Free Forever pricing with Algorithmia makes getting started even easier. Algorithmia is about giving developers access to world class algorithms. With our new Free Forever tier, we’ll help more developers get started faster. This is perfect for researchers, hackers, and hobbyists looking to get started using state-of-the-art algorithms in their projects. Focus on building your apps without worry of running out of credits. Upgrade to a paid plan only when you’re ready to scale. All new accounts you also receive 5,000 bonus credits to be used at any time. Ready to get started? Sign-up here to start for free.

When you’re ready to upgrade, we have a pay as you go plan to fit the needs of your growing business. Packages start at $20 for 200,000 credits. We offer a 10% volume discount starting at $100 for 1.1MM credits. Our pay as you go plan includes the ability to purchase credits on demand, and auto-reload when you run out – all without minimum monthly fees, or contracts. You only pay for what you use. All pay as you go accounts also receive the 5,000 free monthly credits.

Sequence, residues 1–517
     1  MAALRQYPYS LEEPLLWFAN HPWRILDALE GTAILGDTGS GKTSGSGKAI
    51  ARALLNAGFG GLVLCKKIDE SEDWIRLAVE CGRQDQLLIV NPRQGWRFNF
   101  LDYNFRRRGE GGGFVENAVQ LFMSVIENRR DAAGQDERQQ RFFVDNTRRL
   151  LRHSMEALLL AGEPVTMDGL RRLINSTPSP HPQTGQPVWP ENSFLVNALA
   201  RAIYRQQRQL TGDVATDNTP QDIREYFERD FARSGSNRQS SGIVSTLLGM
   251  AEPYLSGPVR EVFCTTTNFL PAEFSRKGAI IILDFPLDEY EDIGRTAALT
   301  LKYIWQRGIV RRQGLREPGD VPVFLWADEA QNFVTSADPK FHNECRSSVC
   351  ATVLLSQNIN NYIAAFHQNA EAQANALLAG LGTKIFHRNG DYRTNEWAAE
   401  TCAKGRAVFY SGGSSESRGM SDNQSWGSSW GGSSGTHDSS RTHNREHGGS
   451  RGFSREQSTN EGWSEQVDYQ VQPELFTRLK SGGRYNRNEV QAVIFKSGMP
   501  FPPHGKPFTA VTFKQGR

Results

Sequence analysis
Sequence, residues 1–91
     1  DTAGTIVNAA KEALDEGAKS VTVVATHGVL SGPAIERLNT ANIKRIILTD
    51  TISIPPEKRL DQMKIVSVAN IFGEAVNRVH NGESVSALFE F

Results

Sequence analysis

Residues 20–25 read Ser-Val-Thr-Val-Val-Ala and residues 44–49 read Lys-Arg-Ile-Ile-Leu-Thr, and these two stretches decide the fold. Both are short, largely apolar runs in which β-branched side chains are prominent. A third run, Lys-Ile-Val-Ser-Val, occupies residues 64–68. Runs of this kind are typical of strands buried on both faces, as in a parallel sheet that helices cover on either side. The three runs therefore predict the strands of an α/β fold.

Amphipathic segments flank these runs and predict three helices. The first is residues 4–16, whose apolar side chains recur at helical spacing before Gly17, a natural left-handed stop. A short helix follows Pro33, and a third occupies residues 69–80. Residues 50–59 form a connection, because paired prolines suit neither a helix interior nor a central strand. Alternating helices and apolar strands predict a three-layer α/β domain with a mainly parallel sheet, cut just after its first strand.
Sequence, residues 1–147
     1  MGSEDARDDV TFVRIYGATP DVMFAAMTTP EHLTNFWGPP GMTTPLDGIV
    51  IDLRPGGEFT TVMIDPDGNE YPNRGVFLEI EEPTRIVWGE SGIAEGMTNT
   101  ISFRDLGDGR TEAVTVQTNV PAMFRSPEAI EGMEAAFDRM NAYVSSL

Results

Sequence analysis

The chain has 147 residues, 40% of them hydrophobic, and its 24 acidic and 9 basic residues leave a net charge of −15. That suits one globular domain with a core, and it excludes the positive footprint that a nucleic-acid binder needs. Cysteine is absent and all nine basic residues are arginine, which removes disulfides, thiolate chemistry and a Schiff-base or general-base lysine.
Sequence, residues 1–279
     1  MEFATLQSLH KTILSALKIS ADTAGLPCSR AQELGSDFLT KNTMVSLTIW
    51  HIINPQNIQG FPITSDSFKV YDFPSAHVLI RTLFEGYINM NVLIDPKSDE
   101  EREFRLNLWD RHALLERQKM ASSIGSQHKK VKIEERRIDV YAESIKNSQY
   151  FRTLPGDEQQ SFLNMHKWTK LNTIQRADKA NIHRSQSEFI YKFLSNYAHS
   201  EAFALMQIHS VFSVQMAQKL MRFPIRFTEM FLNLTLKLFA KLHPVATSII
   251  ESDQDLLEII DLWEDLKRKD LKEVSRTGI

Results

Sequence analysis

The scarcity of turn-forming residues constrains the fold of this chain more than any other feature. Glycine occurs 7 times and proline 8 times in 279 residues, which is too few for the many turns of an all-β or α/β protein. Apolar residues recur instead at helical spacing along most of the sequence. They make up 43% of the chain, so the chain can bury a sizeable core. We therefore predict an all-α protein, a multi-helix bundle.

It has been a pleasure building Algorithmia with you, and it’s incredible to see the amazing apps the community has built with us. More features are coming soon, including support for more programming languages.

To recap: Algorithmia is free forever. No contracts. Upgrade when you’re ready.

Happy Coding!

–Team Algorithmia


What’s Changed 

Your dashboard now features a thermometer of the number of free credits remaining in your cycle, and when the cycle next resets. We also provide a rollup of your total credits remaining (granted + earned + purchased credits). Learn more here.

Screen Shot 2016-02-29 at 4.35.48 PM